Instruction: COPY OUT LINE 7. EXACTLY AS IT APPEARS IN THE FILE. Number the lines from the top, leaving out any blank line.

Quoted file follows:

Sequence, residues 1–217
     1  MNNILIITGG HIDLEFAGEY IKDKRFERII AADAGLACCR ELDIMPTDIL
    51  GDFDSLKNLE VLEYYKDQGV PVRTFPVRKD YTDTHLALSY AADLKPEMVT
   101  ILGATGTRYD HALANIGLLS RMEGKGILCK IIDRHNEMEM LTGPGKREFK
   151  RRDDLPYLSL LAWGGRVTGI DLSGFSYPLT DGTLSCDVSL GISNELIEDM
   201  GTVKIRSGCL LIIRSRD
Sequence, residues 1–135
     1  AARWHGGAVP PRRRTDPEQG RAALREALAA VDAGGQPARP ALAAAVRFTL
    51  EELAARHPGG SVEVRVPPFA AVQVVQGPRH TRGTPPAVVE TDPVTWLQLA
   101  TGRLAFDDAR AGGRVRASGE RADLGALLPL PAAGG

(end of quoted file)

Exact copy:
Sequence, residues 1–135